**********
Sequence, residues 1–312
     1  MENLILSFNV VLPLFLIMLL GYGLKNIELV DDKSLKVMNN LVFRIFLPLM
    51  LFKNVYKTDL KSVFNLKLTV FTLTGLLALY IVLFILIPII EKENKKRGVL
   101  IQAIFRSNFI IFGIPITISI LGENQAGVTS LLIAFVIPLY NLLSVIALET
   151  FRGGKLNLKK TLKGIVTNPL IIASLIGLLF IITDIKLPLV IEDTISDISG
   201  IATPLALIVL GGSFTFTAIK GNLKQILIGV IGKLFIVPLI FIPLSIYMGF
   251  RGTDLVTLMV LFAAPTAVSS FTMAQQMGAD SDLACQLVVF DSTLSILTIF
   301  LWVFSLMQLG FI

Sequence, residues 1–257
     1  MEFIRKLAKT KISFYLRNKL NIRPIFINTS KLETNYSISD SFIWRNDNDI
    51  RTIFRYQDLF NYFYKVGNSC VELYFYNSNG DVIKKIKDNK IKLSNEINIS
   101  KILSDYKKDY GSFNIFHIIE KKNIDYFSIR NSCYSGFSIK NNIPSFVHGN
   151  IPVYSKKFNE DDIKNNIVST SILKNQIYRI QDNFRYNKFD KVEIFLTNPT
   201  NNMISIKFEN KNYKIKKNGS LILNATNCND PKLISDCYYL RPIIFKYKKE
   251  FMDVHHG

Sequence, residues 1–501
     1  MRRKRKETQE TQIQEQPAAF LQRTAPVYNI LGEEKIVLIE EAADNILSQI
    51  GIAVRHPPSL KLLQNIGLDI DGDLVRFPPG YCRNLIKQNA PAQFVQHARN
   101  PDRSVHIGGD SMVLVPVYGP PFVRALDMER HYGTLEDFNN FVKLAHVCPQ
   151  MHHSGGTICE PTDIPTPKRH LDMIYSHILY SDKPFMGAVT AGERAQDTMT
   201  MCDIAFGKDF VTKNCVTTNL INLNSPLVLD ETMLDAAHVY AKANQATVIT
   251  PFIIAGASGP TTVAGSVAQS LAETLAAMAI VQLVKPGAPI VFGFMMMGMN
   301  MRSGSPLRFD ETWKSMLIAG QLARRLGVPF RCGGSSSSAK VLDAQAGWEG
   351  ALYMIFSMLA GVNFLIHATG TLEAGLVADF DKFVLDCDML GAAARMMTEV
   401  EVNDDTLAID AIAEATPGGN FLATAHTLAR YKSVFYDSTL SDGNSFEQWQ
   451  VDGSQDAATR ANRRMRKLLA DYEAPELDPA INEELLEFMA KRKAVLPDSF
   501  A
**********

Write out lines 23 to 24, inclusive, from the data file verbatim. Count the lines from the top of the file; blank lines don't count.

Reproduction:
   301  MRSGSPLRFD ETWKSMLIAG QLARRLGVPF RCGGSSSSAK VLDAQAGWEG
   351  ALYMIFSMLA GVNFLIHATG TLEAGLVADF DKFVLDCDML GAAARMMTEV